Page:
Can A Domestic Violence Victim Get The Charges Dropped?

In domestic violence cases, one question that many defendants ask is whether or not the victim can drop the charges once they’ve been filed. 

The short answer is that once charges are filed, it’s up to the prosecution to decide whether or not to bring domestic violence charges to trial. This is important to remember, as charges can be brought even if the victim no longer wishes to pursue the case.

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How Florida’s Domestic Violence Laws Work

Contrary to popular belief, you don’t actually need to physically harm someone to commit domestic violence in Florida. Florida's domestic violence laws (Florida Statute 741.28(2)) are comprehensive and designed to address a range of offenses, including assault, battery, sexual assault, stalking, kidnapping, and other criminal offenses that result in physical injury or death.

Assault is defined as an intentional and unlawful threat by word or act to do violence, with the ability to carry out the threat and action that creates a well-founded fear that violence is imminent. Battery, on the other hand, involves actual and intentional touching or striking of another person against their will or intentionally causing bodily harm.

The Role of Police and Law Enforcement

When a domestic violence call is received, police officers are responsible for assessing the situation, gathering evidence, and ensuring the safety of all parties involved. Upon arrival at the scene, officers will usually:

  • Interview both the victim and the alleged perpetrator
  • Check for visible injuries and document them with photographs
  • Collect all relevant evidence and witness statements
  • Determine if an arrest is required under the laws of the jurisdiction in question

If the police determine that a person has committed domestic violence, they may arrest the alleged perpetrator. The case is then forwarded to the public prosecutor, who decides whether to file criminal charges.

Even if a victim of domestic violence does not have the direct power to drop the charges, their involvement and cooperation during the court proceedings is crucial. As a witness or victim, it is important that you know your rights, seek the necessary support, and provide accurate information so that the court system can ensure safety and justice for all involved.

Witness and Victim Cooperation

During the court proceedings in a domestic violence case, both witnesses and victims play an important role. Cooperation between the victim, witnesses, and the legal system is crucial for a fair resolution. 

As a victim or witness, you have certain rights that should be respected throughout the process. For example, you have access to a victim advocate or a defense attorney who can support and guide you during the court proceedings and investigation of the case.

It is important that witnesses and victims cooperate with the prosecutor and provide truthful and accurate information. Witness statements can be important evidence that ensures the perpetrator is held accountable for their actions. Providing accurate and timely information can have a significant impact on the decision-making of the court system.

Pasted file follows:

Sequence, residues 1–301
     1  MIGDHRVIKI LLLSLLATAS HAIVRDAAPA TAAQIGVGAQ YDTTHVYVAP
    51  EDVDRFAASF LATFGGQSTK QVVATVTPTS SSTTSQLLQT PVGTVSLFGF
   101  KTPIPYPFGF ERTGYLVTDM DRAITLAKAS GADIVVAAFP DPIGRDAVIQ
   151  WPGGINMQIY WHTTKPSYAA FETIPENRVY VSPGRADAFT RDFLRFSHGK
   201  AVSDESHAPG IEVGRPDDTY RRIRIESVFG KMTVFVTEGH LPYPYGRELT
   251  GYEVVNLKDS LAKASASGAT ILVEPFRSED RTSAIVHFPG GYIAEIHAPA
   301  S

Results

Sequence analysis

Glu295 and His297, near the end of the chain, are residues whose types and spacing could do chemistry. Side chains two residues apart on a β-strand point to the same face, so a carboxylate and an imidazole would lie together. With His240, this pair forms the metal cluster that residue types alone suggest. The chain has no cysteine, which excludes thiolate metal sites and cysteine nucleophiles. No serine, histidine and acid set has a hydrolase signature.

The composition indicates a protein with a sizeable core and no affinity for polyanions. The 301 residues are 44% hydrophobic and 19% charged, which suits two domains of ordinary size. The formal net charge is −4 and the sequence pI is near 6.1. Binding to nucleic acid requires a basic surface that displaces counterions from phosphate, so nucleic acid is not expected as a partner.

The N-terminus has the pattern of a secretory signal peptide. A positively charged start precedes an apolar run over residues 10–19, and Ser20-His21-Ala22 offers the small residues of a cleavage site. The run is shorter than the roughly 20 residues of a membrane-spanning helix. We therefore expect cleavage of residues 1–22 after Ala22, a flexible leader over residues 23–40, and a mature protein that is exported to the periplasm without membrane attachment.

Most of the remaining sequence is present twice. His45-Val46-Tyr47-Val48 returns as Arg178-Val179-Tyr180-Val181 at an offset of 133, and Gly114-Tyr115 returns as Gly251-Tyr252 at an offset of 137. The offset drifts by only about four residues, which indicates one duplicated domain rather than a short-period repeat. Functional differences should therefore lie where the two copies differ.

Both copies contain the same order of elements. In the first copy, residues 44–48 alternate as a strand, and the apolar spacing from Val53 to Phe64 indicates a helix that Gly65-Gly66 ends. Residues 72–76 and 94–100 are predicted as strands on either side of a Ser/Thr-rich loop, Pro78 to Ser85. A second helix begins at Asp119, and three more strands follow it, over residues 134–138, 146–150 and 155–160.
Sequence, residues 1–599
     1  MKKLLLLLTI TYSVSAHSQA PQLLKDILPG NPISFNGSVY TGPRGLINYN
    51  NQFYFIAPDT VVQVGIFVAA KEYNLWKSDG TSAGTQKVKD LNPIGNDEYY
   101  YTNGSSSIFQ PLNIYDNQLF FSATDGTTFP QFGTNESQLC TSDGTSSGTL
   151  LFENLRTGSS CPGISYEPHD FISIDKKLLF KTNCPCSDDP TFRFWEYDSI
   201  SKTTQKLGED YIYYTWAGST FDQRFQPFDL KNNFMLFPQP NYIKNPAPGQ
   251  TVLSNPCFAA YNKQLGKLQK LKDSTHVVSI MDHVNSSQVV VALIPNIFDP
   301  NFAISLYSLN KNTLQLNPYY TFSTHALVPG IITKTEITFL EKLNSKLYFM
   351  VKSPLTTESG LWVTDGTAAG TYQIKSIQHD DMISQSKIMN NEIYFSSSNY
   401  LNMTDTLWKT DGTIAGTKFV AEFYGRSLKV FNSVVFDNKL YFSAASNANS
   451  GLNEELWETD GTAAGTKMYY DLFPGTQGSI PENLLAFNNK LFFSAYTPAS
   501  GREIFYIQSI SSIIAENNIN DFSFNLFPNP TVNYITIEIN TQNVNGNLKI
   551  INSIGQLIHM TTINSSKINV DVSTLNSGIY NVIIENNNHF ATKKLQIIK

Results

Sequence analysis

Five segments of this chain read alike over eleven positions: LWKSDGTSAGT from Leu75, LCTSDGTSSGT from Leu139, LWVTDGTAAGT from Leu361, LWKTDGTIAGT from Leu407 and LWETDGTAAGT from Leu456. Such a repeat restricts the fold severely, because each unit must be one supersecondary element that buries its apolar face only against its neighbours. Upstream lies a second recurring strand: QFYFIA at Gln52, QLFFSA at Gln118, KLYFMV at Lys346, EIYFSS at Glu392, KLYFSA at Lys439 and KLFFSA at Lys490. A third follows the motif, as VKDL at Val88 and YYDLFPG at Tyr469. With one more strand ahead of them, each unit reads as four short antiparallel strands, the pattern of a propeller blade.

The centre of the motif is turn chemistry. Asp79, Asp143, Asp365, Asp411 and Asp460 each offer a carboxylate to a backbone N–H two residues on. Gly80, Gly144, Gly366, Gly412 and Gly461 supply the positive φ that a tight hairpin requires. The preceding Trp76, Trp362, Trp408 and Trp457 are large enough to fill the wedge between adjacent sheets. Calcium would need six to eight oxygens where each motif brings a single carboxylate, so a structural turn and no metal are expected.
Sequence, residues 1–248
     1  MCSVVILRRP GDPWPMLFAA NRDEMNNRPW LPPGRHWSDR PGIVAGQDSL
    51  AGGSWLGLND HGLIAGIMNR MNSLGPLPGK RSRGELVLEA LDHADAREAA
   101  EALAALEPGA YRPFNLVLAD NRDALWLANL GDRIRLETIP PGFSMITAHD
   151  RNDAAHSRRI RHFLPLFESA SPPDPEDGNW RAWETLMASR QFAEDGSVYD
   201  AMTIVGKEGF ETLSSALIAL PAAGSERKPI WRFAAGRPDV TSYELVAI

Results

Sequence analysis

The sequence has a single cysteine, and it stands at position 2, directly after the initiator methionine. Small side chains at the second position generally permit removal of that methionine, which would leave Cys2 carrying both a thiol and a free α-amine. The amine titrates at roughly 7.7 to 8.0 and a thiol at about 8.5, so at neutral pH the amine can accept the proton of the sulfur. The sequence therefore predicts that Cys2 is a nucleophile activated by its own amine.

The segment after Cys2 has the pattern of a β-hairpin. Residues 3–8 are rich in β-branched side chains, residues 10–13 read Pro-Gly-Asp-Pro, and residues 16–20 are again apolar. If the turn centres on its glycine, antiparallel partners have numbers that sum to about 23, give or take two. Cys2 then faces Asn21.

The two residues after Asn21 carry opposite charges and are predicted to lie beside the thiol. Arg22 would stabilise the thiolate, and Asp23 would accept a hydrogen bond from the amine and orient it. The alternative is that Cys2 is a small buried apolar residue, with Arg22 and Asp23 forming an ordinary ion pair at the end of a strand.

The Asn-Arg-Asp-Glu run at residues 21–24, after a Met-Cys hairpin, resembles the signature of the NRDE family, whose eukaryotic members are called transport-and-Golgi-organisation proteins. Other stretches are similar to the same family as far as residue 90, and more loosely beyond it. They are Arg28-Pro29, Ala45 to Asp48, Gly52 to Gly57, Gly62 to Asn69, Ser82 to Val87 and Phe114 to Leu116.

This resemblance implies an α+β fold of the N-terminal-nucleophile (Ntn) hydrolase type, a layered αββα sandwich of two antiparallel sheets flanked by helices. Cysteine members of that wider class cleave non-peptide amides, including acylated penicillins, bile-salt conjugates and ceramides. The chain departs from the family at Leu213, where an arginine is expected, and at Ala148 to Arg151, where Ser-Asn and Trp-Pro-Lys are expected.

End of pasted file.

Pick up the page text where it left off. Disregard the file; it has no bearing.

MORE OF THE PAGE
The Power of Prosecutors in Dropping Charges

Victims are not able to drop the charges once they’ve been filed to protect them from possible manipulation by the perpetrator. This ensures their ongoing safety and that justice is served when domestic violence occurs.

However, it is important to note that the prosecutor can consider the victim's input during this process. For example, let’s say there was a genuine misunderstanding while out at a restaurant or bar that led to a wrongful arrest.  The prosecutor can listen to the victim’s side of the story and use their own judgment and discretion as to whether taking the case to court is warranted. 

Factors Influencing the Dismissal of Charges

The outcome of domestic violence cases often depends on the availability and credibility of evidence. The more evidence supporting the victim's claims, the less likely the charges will be dropped. However, the prosecution may consider dropping the charges if the evidence presented does not raise reasonable doubt.

Impact of Evidence and Witness Statements

Factors such as physical evidence, medical reports, and witness statements contribute to the probative value of the case. Visible injuries documented by photographs or medical reports and the presence of independent witnesses can increase the likelihood of prosecution.

Prosecutors evaluate the available evidence along with any corroborating evidence from outside sources. For example, police reports, phone records, or text messages may provide additional information relevant to the case. 

Speak To A Florida Attorney About Your Domestic Violence Charges

If you're facing domestic violence charges in the State of Florida, you should seek experienced counsel as soon as possible. Once the police begin to mount their case, their only mission is to ensure you are convicted, so having an attorney defend your rights is critical. 

Call the Weinstein Legal Team at 888.626.1108 or click here to schedule a free case review with an attorney today.


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